A double taxation convention
The Netherlands and the United Kingdom have concluded a double taxation convention and protocol for the avoidance of double taxation. The agreement was signed on September 26 2008 and was entered into force on 25 December 2010. The convention has been effective in the United Kingdom from April 1 2011 for corporate tax and from April 6 2011 for income tax and capital gains tax.
The Convention was concluded between the two countries with the purpose of avoiding double taxation
for investors who have operational businesses in both of the countries and to prevent fiscal evasion on income taxes and capital gains. UK investors who want to open a Dutch company
can benefit from knowing how the treaty works. Our accounting firm in the Netherlands
can help you with relevant information about this Convention.
Taxes covered by the double taxation treaty
The double taxation treaty between the Netherlands and the UK covers all the individuals who are residents of one of both countries. The Convention applies to taxes on income and on capital gains imposed by one of the states included in the treaty, irrespective of the manner in which they are levied.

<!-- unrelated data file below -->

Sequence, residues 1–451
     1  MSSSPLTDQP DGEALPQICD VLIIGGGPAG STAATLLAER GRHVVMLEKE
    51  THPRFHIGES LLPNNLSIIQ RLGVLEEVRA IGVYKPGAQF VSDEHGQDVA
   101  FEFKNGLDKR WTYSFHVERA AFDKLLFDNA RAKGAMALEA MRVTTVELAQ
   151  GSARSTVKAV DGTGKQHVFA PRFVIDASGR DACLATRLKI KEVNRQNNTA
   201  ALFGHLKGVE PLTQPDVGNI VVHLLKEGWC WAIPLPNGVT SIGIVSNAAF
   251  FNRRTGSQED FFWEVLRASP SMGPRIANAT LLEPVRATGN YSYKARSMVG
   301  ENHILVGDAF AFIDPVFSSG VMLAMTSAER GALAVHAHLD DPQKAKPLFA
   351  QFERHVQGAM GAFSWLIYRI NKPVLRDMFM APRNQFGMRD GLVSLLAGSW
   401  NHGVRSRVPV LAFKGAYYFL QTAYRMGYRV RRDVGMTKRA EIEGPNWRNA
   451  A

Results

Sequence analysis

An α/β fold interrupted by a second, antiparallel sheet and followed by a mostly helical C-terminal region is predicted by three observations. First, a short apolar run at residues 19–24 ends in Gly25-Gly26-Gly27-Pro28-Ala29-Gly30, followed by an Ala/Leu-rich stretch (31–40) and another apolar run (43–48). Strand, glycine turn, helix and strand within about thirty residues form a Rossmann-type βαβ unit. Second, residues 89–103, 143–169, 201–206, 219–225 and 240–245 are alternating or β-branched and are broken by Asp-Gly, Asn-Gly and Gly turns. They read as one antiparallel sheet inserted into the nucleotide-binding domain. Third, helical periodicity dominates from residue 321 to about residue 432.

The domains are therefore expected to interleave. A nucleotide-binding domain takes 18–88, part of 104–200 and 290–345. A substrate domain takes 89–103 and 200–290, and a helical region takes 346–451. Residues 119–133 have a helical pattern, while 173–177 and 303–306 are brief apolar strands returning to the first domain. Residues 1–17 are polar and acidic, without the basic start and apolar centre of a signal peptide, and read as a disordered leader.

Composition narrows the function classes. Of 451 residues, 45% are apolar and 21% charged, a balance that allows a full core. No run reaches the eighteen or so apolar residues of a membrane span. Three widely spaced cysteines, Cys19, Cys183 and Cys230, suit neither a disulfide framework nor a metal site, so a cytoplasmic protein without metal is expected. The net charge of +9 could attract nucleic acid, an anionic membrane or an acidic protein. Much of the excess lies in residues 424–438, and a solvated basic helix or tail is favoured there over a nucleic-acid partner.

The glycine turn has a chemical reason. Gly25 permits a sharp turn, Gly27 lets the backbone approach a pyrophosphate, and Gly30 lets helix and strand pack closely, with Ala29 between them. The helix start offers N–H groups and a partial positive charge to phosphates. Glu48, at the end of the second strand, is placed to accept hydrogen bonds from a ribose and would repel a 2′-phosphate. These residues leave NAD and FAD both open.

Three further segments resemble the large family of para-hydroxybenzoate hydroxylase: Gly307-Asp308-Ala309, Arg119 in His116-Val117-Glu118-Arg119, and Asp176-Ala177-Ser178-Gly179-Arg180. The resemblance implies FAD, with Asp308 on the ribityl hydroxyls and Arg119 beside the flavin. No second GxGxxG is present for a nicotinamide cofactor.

In the Netherlands the treaty applies to the following taxes:
- the income tax;
- the wages tax;
- the company tax;
In the United Kingdom the taxes for which the treaty applies are:
- the income tax;
- the corporate tax;
- the capital gains tax;
- the petroleum revenue tax;
- the additional charge in respect of ring fence trades.
The double taxation treaty also applies for any identical or similar taxes that are imposed by one of the states after the Convention has been signed or taxes that are levied in place of or in addition to existing ones. The two countries need to notify one another if any significant changes take place in their taxation laws.
If you want to know more about taxation in the Netherlands
or if you own a company and need to perform audit in the Netherlands, our Dutch accountants can help.
Double taxation treaty enforceability
For the purpose of the double tax treaty between the Netherlands and the United Kingdom, a resident of one of the states is considered a person or company that is liable to taxation in that state because his domicile, place of management or place of incorporation is in that state. Permanent establishments are considered a fixed place of business, such as a branch, an office, factory, workshop and others. The Convention also sets forth the taxation methods for other types of income, such as income from immovable property, business profits, dividends, interest, royalties or director’s fees.